Many people forget that prior to the mass propagation of Wi-Fi routers, the internet existed only through wired connections. The rise of Wi-Fi has mainly pushed the “old-school” wired connections to near obscurity, with people generally preferring the convenience of a wireless connection.
Stability was the primary reason for opting for wired connections—but the invention of Wi-Fi Mesh systems (using extenders and repeaters to cover “dead spots,” changed all that. Despite this, however, there are still situations where a wired connection will come in handy for your devices.
Setting up an internet connection can be tricky, but knowing a bit about your devices can help you determine which connection is better. To help you, listed here are a few of the most common devices in your home and whether a wireless or wired internet connection best suits it.
Laptops and Desktops
A majority of people do their browsing on their cellphones or tablets—which automatically point to heavy usage of Wi-Fi. People who still use laptops and desktops, however, still have the choice of opting for a wireless or wired connection.
Laptops, in general, have become highly optimized for Wi-Fi reception—making wireless connections the best choice for this. Desktops, on the other hand, are a different matter. Older computers are not wireless capable unless supplied with an external wireless device. Despite utilizing those, however, you won’t receive the full speed capabilities of your average laptop—which is why wired connections are the preference for desktops.
Gaming consoles generally work best with wireless connections—much like the laptops of today. This is, however, largely dependent on your average internet speed, number of people utilizing the internet bandwidth, as well as the internet requirement of your games. Gaming, in general, takes up quite a large bandwidth—so wired connections are the preference of those who have too many users hooked on the net. If you have the benefit of a fast internet speed with only a few other users connected to it, then wireless connections are fine.
Smart TVs and Media Players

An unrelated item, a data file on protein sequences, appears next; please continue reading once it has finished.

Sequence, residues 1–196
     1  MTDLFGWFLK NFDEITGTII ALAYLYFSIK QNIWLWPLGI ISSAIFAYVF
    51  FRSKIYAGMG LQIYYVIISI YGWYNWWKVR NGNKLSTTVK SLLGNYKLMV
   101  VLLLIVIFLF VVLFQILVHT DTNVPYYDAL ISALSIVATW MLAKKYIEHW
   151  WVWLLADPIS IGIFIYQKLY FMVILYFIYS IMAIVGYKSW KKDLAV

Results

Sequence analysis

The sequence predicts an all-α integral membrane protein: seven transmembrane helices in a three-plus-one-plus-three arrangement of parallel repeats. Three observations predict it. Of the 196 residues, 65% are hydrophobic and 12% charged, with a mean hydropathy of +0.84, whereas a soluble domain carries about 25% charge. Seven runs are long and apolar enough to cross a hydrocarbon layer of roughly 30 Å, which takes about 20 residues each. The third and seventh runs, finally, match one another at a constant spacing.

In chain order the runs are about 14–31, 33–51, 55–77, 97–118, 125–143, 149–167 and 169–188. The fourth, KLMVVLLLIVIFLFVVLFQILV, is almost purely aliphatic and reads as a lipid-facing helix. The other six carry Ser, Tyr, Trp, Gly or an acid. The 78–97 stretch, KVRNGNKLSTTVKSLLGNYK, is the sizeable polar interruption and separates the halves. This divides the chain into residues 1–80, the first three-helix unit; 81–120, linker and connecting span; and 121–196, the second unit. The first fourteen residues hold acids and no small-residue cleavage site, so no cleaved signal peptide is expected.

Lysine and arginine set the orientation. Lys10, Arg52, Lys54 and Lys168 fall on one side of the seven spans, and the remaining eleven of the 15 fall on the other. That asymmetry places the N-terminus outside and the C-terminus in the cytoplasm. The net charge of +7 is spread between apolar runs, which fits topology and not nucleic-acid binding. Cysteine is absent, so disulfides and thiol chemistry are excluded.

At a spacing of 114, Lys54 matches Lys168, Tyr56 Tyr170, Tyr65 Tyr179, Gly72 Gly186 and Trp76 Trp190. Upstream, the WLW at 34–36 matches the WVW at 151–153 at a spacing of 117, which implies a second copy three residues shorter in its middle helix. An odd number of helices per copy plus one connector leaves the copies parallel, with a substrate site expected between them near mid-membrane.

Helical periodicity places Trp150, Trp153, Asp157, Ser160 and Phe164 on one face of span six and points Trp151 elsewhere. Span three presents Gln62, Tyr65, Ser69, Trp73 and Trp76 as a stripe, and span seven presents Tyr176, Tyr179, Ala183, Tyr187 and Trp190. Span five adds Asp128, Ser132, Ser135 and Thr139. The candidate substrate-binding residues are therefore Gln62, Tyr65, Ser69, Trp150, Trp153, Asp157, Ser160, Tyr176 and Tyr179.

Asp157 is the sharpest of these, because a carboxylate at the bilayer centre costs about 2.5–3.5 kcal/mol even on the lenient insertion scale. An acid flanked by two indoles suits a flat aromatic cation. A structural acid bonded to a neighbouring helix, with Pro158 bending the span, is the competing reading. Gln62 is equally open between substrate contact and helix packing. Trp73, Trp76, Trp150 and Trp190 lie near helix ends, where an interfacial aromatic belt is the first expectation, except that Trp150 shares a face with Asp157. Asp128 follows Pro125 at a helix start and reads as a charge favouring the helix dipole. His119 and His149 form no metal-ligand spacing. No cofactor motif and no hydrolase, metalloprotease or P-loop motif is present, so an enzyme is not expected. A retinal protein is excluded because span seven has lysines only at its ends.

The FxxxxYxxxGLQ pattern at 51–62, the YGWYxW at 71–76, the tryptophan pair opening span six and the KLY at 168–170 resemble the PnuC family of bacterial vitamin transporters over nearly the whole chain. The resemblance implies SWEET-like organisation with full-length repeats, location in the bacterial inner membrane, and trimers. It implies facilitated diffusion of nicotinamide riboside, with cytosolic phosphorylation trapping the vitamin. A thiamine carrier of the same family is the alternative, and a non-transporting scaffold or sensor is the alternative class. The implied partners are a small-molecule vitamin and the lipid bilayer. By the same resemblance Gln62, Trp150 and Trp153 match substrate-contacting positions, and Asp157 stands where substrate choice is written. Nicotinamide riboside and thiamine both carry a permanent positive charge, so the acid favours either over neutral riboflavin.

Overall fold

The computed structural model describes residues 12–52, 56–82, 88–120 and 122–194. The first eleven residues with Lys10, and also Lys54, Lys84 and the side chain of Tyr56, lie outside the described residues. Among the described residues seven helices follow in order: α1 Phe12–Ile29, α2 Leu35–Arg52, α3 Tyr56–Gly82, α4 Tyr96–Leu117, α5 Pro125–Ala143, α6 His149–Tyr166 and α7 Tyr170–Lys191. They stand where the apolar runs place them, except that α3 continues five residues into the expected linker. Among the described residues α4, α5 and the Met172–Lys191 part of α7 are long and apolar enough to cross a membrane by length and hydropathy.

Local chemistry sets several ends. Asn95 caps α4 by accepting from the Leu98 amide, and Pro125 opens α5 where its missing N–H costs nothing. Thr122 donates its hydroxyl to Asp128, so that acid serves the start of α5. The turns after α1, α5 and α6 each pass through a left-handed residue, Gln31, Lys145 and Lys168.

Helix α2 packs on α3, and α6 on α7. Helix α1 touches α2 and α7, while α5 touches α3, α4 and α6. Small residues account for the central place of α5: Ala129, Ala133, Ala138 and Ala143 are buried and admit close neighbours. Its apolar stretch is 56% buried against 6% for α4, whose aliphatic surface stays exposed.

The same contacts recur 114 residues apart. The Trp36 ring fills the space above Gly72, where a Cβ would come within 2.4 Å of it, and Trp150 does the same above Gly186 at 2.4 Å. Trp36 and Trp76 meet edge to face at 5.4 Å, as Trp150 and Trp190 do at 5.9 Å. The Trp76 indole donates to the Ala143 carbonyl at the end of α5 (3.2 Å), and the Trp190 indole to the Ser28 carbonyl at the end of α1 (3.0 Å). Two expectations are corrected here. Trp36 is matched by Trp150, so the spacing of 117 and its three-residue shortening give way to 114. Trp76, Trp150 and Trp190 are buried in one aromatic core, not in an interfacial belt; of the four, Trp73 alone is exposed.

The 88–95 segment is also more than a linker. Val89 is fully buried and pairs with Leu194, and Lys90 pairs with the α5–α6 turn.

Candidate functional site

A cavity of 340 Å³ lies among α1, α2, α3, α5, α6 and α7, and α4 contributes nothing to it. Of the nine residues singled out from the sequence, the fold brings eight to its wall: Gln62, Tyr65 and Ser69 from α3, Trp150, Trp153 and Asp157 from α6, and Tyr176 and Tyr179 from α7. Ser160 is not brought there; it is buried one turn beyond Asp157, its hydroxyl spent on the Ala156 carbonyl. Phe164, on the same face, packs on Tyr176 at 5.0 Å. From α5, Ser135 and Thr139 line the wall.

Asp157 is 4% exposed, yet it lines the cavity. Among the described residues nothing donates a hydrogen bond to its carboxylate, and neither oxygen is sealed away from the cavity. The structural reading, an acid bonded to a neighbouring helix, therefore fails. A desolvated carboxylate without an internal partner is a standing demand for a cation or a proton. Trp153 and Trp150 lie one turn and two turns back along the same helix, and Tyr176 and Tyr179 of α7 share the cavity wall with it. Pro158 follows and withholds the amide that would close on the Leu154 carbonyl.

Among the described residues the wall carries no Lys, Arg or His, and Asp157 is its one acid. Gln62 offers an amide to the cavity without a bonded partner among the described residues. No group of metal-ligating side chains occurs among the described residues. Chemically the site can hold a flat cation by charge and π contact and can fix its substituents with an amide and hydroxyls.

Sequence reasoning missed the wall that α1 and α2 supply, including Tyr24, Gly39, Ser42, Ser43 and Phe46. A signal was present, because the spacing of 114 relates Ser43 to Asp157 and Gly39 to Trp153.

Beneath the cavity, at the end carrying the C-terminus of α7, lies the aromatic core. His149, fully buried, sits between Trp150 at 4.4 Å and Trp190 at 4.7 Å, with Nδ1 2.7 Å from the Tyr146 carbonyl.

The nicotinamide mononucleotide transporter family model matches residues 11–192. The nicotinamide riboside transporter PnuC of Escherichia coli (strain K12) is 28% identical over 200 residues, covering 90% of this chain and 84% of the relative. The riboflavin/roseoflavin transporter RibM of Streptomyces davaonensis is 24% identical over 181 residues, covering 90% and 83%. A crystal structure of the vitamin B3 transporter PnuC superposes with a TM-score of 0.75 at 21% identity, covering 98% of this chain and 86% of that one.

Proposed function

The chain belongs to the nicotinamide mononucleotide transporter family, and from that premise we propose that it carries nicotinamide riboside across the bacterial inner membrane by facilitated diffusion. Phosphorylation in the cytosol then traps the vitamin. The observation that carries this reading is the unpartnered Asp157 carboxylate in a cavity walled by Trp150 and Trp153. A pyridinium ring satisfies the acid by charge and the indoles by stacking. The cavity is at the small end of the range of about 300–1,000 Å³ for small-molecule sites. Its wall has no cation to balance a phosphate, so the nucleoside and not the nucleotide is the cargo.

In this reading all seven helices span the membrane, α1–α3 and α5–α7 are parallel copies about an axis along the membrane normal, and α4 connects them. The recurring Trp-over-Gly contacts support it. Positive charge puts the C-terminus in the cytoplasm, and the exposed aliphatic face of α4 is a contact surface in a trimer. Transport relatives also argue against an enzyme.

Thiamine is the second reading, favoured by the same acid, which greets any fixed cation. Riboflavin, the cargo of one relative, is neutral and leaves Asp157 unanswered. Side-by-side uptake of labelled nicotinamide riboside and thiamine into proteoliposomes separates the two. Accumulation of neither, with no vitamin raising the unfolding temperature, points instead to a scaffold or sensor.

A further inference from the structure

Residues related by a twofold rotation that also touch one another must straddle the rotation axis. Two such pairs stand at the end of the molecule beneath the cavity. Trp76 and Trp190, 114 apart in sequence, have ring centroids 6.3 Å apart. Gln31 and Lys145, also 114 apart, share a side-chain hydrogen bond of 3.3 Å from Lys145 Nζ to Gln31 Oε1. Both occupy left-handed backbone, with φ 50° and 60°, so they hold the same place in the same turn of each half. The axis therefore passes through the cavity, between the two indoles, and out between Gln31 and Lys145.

Smart TVs and media players, much like gaming consoles, require fast speeds to run smoothly. Today’s servers and speeds, however, allow for more seamless streaming—which is why wireless connections are suitable for these devices. Take note, however, that if your house isn’t utilizing a Wi-Fi mesh, then these devices may not connect properly with the internet. Devices in isolated rooms from Wi-Fi routers don’t receive signals as well as those with unobstructed paths to the router, so use a mesh if you plan on connecting wirelessly.
Virtual/Voice AI Assistants
Virtual assistants, like Alexa or Google Home, have become widely abundant in today’s market. These devices require an internet connection to run smoothly—which is why it is capable of basic connectivity to Wi-Fi. Depending on where you place your device, Wi-Fi connections are enough to keep it running properly—unless, of course, there are too many obstructions between the router and the device. The best set-ups for your main devices are on wired connections, but these require a bit more effort to install.
Setting up internet connections can be quite tricky—while basic connections only require the pressing of a few buttons, the hardware and specs itself can be quite confusing. For this reason, getting the help of an IT specialist experienced in both wireless and wired connections is always the best course of action. Get in touch with us today and schedule your free consultation to see what services you need the most.